A baby born in the United States today has a 1 in 12 chance of developing food allergies from foods such as peanuts, dairy, gluten, soy and other foods.*
The rate of reported severe allergic reactions to foods like peanuts has increased by nearly 500% over the past decade, according to a new analysis of private insurance claims.
The increase use of antibiotics have been primarily blamed for this phenomenon, and also rising rates of C-sections, and an increasingly sterile environment, all affect the microbiomes of babies and mothers says Hugh Sampson, director of the Jaffe Food Allergy Institute at the Icahn School of Medicine at Mount Sinai in New York City. All have altered the good bacteria in our intestinal tracts, which alters the programming of our immune systems.
A baby’s intestinal tract gets populated with probiotics when traveling through the mother’s birth canal and through a mother’s breast milk. So when a pregnant or nursing mother’s intestinal flora is out of balance due to a leaky gut syndrome or any other reason, her baby’s intestinal flora may also be out of balance causing gas, diarrhea, colic, eczema and food allergies and a compromised immune system.
Probiotics can populate a pregnant or nursing mother’s breastmilk which can help prevent food allergies in kids.
The results of a most recent follow up study shows that probiotics can help prevent peanut allergies in kids. More than 80% of children who received a combination of a probiotic and peanut oral immunotherapy treatment for 18 months were able to tolerate peanuts at the end of the trial and 4 years after compared to less than four percent in the placebo group.†
6 Potential Causes of Food Allergies in Kids
1. Antibiotics: antibiotics not only kill bad bacteria in the gut, but also the good or friendly bacteria that kids need to help digest and protect their immune system. Children’s probiotics can repopulate your child’s gut with friendly bacteria.
2. C-Sections: (Can alter the normal bacterial flora in the intestines and affect the immune system).
3. Increased Consumption of Processed Foods & Decline in Traditional Real Foods: The processed foods today are full of ingredients and chemicals that can disrupt our digestion, immune system, hormone balance, behavior and neurological development. Babies and children are especially at risk to these processed foods because their digestive systems are not fully developed to handle these types of foods.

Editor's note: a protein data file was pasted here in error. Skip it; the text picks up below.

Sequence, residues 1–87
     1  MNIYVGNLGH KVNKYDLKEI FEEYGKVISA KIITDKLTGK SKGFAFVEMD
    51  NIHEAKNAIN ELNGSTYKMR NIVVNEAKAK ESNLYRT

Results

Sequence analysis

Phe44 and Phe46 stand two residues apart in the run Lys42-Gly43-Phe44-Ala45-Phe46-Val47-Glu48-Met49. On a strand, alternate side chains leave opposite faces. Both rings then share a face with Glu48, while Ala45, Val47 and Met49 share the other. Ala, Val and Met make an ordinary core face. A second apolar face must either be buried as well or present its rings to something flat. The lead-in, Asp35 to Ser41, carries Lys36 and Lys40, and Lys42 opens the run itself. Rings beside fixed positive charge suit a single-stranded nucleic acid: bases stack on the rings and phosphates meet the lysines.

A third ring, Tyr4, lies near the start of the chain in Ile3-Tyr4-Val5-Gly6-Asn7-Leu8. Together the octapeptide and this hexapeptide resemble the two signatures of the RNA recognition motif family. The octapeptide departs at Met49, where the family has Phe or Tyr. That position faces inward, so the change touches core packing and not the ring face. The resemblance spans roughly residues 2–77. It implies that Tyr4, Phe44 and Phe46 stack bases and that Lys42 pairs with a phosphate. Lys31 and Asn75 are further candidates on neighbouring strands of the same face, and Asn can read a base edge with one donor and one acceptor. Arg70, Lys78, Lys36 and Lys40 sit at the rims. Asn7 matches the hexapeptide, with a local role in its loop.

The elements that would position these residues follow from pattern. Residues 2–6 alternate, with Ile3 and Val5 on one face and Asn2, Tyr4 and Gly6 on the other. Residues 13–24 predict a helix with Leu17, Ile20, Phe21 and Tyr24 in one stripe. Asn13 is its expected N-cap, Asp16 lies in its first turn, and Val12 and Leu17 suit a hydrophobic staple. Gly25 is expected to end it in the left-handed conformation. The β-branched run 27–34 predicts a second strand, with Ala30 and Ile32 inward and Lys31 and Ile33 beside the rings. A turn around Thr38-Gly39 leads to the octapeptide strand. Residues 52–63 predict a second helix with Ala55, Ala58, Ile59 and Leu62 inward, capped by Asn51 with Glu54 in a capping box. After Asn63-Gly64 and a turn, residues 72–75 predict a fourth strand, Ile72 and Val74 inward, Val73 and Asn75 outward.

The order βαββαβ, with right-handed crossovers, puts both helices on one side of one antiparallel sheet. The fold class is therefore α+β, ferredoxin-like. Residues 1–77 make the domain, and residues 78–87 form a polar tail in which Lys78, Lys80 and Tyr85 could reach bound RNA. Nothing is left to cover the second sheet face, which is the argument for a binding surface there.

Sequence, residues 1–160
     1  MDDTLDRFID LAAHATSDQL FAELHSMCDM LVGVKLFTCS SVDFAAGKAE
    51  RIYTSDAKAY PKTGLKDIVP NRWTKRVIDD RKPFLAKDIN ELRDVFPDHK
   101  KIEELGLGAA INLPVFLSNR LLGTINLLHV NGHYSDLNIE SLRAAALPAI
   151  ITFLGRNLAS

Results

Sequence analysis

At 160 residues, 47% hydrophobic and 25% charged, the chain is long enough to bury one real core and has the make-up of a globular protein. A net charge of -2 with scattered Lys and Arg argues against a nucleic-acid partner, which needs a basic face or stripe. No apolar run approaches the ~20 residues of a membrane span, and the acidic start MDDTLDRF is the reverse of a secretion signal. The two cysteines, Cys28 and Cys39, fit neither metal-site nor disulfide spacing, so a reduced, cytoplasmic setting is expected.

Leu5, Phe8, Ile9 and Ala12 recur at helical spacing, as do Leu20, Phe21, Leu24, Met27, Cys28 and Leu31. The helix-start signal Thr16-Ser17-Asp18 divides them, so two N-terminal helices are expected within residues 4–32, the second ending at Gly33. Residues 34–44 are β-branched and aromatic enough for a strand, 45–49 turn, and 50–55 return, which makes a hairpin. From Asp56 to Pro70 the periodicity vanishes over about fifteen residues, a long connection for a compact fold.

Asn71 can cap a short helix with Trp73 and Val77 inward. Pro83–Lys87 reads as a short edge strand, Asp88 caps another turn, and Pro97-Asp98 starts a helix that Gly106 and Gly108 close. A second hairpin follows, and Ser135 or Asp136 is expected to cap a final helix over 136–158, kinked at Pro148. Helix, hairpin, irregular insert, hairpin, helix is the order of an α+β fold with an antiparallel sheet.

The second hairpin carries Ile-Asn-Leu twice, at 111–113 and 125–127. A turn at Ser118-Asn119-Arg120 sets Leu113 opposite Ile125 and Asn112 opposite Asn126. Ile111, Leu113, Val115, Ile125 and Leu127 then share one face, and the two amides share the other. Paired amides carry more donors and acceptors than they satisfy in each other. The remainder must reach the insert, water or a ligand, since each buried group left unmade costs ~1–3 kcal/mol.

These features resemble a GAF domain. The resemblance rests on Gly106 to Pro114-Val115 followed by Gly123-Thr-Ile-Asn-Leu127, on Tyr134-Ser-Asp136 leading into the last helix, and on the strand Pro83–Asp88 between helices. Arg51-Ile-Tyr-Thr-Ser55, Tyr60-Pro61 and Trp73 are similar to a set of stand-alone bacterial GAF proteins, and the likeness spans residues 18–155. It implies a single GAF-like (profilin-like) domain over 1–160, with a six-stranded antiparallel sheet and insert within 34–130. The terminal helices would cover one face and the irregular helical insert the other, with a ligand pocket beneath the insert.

4. Genetically Modified Foods (GMOs) . In the United States GMOs are present in the majority of packaged foods and currently have no labeling requirements. These foods can contain allergens that can be toxic to children.
5. “Leaky Gut” in Pregnant or Nursing Mom: I put this new expression in quotations because it has not yet been fully excepted as a medical term and your doctor may even shrug you off. Leaky Gut, also known as intestinal permeability is when particles from your intestines leak into your blood stream. This can cause inflammation throughout your body and changes in the gut flora possibly leading to a variety of diseases and allergies. Not that much is known about the causes and cures of leaky gut but probiotics may help.
6. Avoiding highly allergic foods in kids: Many years of medical advice telling parents to avoid highly allergenic foods such as peanuts when children are babies may have contributed to increasing allergy rates, says Hugh Sampson, director of the Jaffe Food Allergy Institute at the Icahn School of Medicine at Mount Sinai in New York City. Earlier this year medical organizations changed their advice recommending that babies at high and moderate risk of developing a peanut allergy, such as those with eczema, be introduced to these foods by the age of six months.††
Vaccines have been a controversy regarding kids and food allergens. The argument against vaccines is that some of the ingredients in vaccines may contain food allergens that can affect your child. Argument for vaccines is they can prevent your child from contracting serious diseases.
As a parent, you and your doctor(s) need to measure the risks of vaccinating your child vs not vaccinating your child. I think it would be irresponsible of me (like I have read in other posts) to suggest to a parent not to vaccinate their child especially not knowing the medical history of a child and parent.
5 Tips to Help Prevent Food Allergies in Children
1. Take probiotics 6 months before your pregnancy and during nursing.
2. Eat healthy foods and avoid processed and GMO foods.
3. Try to reduce the use of antibiotics. Take them only when absolutely necessary (good discussion with your doctor and pediatrician).
4. With the advice from your doctor, consider introducing peanuts and other potential causing food allergens to your infant based on this year’s Addendum Guidelines for the Prevention of Peanut Allergy in the United States which now recommends that babies at high and moderate risk of developing a peanut allergy, such as those with eczema, be introduced to the foods by six months.††
5. Breastfeed: If you can’t breastfeed add allergen-free probiotics to baby formula.
† Published: Long-term clinical and immunological effects of probiotic and peanut oral immunotherapy after treatment cessation: 4-year follow-up of a randomised, double-blind, placebo-controlled trial. Peanut immunotherapy: The Lancet Child & Adolescent Health: 15 August 2017
††Addendum Guidelines for the Prevention of Peanut Allergy in the United States: Report of the National Institute of Allergy and Infectious Diseases-Sponsored Expert Panel is available at http://www.annallergy.org/article/S1081-1206(16)31164-4/fulltext